What to expect ?

Hi everyone
I have been referred to genetics and have my very first app on Friday.I have stopped myself from reading any articles about it …as when I did it may aswell have been in German with all the abbreviations so Im going with an open mind.Without going into my history it was just a basic question if anyone could tell me what to expect on the first visit.I have 2 daughters 15 and 18 and all I want to do at the end of the day is to protect them from this awful disease and know I have done all I can.Although I may not decide to go down this route Im just going to go and see what they have to say.I feel a bit embarrased and probably very naive asking this but are tests done through a blood test or am I going to need a degree to understand what is actually involved.
thanks fo taking time to read my post
Kate x

Hi Kate

Whilst you await replies from your fellow users you may find the BCC publication ‘Breast cancer in families’ helpful to read through, it may answer a few of your queries:


Best wishes


I had my first genetics appointment a year ago. In my case it was a counsellor who did it. I had had a pre appointment phone call where I was asked about the history of cancer in my family up toas far back as we knew. On the actual day of the appointment the counsellor went through all of the research she had done on the cancer cases in my family and highlighted where the genetic risks were. She felt that my risks were quite high and I have to admit I hadn’t been prepared for how this made me feel. It was like iwas being diagnosed all over again. It was no longer a disease that just effected me but something that could effect my sister,my niece and children. I was very upset as I hadn’t been expecting to have a high risk. I was told that on the scale they used ( Evans scale ) I scored highly enough to have the blood test for brca1/2. So I decided to have it there and then. The results were ready in about 10 weeks.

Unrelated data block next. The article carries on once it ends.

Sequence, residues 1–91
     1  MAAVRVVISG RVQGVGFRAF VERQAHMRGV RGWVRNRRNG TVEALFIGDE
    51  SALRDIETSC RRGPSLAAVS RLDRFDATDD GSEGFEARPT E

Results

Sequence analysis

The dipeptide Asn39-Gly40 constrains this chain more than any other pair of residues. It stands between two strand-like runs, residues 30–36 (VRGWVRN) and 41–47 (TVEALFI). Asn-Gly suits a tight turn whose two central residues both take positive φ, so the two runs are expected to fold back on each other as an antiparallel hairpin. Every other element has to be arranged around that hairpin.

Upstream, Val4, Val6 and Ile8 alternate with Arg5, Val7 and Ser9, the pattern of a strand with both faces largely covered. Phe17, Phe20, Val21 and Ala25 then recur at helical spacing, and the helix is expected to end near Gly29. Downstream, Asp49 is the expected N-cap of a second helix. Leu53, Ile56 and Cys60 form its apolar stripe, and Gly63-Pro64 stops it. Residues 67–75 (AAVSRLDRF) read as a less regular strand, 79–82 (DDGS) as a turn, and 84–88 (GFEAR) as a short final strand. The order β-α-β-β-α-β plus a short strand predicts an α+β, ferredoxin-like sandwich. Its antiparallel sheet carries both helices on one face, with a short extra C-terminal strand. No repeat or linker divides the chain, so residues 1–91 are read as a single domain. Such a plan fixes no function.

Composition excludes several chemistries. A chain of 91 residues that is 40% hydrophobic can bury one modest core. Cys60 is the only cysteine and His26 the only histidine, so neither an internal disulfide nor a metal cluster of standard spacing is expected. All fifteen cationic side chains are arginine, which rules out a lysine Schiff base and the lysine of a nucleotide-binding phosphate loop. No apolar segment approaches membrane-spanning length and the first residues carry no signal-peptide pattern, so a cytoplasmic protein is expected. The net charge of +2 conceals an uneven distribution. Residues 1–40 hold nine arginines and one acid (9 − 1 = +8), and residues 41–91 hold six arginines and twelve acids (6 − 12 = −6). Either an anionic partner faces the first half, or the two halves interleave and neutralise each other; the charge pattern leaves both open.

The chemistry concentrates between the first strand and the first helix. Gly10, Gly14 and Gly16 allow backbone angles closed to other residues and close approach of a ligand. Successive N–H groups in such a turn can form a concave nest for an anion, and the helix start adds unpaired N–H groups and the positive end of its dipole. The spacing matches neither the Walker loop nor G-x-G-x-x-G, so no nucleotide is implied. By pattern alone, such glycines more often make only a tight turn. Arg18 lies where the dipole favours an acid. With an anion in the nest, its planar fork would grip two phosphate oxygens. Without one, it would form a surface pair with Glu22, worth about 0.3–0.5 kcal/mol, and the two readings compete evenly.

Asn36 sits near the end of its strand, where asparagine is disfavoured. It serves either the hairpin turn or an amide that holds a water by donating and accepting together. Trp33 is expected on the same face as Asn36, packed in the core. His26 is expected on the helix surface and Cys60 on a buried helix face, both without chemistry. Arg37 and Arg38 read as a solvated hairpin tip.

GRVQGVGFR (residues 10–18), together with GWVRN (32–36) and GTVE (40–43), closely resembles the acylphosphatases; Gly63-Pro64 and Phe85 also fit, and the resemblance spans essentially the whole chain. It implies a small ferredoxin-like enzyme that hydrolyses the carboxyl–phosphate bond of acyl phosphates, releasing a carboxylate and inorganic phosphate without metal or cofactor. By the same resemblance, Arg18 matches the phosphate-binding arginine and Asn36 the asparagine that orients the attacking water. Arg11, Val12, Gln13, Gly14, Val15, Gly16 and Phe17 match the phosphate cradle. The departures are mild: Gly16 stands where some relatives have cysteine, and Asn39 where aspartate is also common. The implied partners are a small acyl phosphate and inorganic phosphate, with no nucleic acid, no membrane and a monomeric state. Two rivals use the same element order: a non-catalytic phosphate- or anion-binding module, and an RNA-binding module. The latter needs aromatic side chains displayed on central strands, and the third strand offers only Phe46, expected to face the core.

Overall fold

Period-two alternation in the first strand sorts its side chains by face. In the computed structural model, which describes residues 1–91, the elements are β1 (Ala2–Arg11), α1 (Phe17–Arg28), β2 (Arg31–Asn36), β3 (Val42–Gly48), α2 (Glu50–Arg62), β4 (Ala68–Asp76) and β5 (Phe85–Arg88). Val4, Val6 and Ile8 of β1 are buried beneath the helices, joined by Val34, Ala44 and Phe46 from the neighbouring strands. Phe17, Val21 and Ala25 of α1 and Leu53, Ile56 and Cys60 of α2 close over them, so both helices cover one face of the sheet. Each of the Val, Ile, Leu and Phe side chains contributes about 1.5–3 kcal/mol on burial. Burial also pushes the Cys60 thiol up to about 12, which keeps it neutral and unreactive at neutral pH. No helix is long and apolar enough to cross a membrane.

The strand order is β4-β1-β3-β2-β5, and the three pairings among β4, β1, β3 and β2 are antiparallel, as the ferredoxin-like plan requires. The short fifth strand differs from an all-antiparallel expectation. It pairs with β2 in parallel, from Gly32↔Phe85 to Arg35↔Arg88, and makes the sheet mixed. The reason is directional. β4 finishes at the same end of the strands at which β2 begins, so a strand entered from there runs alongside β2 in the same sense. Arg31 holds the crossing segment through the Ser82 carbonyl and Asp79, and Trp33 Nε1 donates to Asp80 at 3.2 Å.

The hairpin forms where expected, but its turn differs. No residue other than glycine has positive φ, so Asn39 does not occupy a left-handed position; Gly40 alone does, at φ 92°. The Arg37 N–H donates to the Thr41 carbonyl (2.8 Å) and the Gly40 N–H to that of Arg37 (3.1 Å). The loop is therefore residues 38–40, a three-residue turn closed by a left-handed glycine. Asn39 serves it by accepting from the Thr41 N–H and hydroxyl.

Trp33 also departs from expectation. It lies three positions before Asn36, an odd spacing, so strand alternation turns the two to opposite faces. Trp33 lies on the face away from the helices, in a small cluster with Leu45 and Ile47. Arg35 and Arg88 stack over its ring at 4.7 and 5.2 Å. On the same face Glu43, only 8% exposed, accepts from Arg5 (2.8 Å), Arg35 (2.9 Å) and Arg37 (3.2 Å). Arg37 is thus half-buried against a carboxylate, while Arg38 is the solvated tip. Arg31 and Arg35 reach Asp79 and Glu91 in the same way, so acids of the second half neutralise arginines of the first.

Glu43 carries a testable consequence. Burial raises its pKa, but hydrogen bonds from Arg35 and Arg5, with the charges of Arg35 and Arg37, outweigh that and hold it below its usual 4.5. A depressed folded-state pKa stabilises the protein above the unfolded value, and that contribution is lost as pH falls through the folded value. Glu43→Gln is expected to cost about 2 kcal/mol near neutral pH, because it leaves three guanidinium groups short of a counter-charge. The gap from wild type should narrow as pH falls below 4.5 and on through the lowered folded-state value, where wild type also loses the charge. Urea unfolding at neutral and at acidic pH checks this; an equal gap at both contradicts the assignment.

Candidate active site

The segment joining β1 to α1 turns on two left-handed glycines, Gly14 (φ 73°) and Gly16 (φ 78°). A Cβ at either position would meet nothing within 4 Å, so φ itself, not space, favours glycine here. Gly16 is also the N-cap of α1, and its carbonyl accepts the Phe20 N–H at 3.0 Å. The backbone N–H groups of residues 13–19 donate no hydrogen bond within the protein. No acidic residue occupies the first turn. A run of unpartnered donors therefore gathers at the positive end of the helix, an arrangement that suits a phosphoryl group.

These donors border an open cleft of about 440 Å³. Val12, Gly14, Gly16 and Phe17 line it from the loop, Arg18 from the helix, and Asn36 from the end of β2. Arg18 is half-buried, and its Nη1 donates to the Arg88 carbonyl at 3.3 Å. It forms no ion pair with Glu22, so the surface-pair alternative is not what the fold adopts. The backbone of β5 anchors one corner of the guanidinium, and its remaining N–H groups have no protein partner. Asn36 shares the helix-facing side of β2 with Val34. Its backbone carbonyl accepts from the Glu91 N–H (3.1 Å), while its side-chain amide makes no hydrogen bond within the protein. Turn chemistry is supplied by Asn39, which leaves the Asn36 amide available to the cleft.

It is a complicated area. There are few definites and what you do with and how you interpret the information varies greatly. In the end I asked to see the top genetics consultant in my area to get the clearest picture I could about my situation before making any decisions.
Take your time, while knowledge is power, it is also a heavy burden sometimes.

Good luck with your appointment.

Hi Kate

I was referred to genetics and they do go into a lot of detail so it’s best to take someone else with you to absorb all the info. They run through your family history and explain how they work out your risk percentages of having the faulty BRCA genes. They run through different scenarios if it turns out you do carry the gene and make sure you definately still want to be tested. Then they take a blood sample and mine got sent off to Oxford for testing. They ring you when they have the results which can be months or longer. Mine took about 4 months and in my case they couldn’t identify brca 1 or 2 but based on family history they think there maybe an inidentified gene fault.
Hope this helps and good luck.

Hi Kate,i was diagnosed with bc in 2010 after losing my mum and aunt to the disease.I wanted to be tested before this but because i didnt have a living relative with bc and my mum and aunt had died over 10 yrs previously they couldnt do the test,However once i was diagnosed with bc they did the genetic test(after thorough counselling,they didnt do it on the 1st visit)which was a simple blood test,and i tested positive to brca 1 and there was a sequence change in brca2 (which they explained meant a possible positive in brca 2 which they didnt pusue cos I was positive anyway).Because of this positive outcome I chose to have a double mastectomy and my ovaries removed and im happy with the results.My daughters aged 28 and 30 were also tested.The eldest was negative but the youngest tested positive,She has recently had a double mx with immediate recon and she is also happy with the result and has just returned to work.She is very relieved the fear of being diagnosed with bc has been greatly reduced from a possible 85% and she will have her ovaries removed when she is 35. My aunts daughter doesnt want to be tested and that is her choice,however as a mum i was glad my girls were tested and initially I felt so guilty for passing on this gene.I was more devastated than when I was diagnosed myself.But please dont worry about going to talk to the genetic people.I found them to be very caring and will explain everything to you in words you can understand,they are very patient and understanding and yes it is very complicated but will do their best to help you understand it all.good luck and I hope the results go the way you are hoping.

thank you ladies so much for your very helpful comments…I wil get back and let you know how I get on :slight_smile:
Take Care lovlies
Kate x